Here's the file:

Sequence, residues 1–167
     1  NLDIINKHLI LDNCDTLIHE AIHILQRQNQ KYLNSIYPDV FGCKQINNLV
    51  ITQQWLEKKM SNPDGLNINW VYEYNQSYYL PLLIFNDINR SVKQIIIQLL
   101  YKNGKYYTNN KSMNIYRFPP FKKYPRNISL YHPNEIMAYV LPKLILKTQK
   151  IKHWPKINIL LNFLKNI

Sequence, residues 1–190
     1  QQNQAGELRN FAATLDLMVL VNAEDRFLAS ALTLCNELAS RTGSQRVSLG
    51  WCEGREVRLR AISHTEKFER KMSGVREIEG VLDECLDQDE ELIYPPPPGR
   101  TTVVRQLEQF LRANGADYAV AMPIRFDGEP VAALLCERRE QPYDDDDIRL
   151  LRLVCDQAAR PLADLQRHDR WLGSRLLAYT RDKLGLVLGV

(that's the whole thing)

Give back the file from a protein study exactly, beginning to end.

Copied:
Sequence, residues 1–167
     1  NLDIINKHLI LDNCDTLIHE AIHILQRQNQ KYLNSIYPDV FGCKQINNLV
    51  ITQQWLEKKM SNPDGLNINW VYEYNQSYYL PLLIFNDINR SVKQIIIQLL
   101  YKNGKYYTNN KSMNIYRFPP FKKYPRNISL YHPNEIMAYV LPKLILKTQK
   151  IKHWPKINIL LNFLKNI

Sequence, residues 1–190
     1  QQNQAGELRN FAATLDLMVL VNAEDRFLAS ALTLCNELAS RTGSQRVSLG
    51  WCEGREVRLR AISHTEKFER KMSGVREIEG VLDECLDQDE ELIYPPPPGR
   101  TTVVRQLEQF LRANGADYAV AMPIRFDGEP VAALLCERRE QPYDDDDIRL
   151  LRLVCDQAAR PLADLQRHDR WLGSRLLAYT RDKLGLVLGV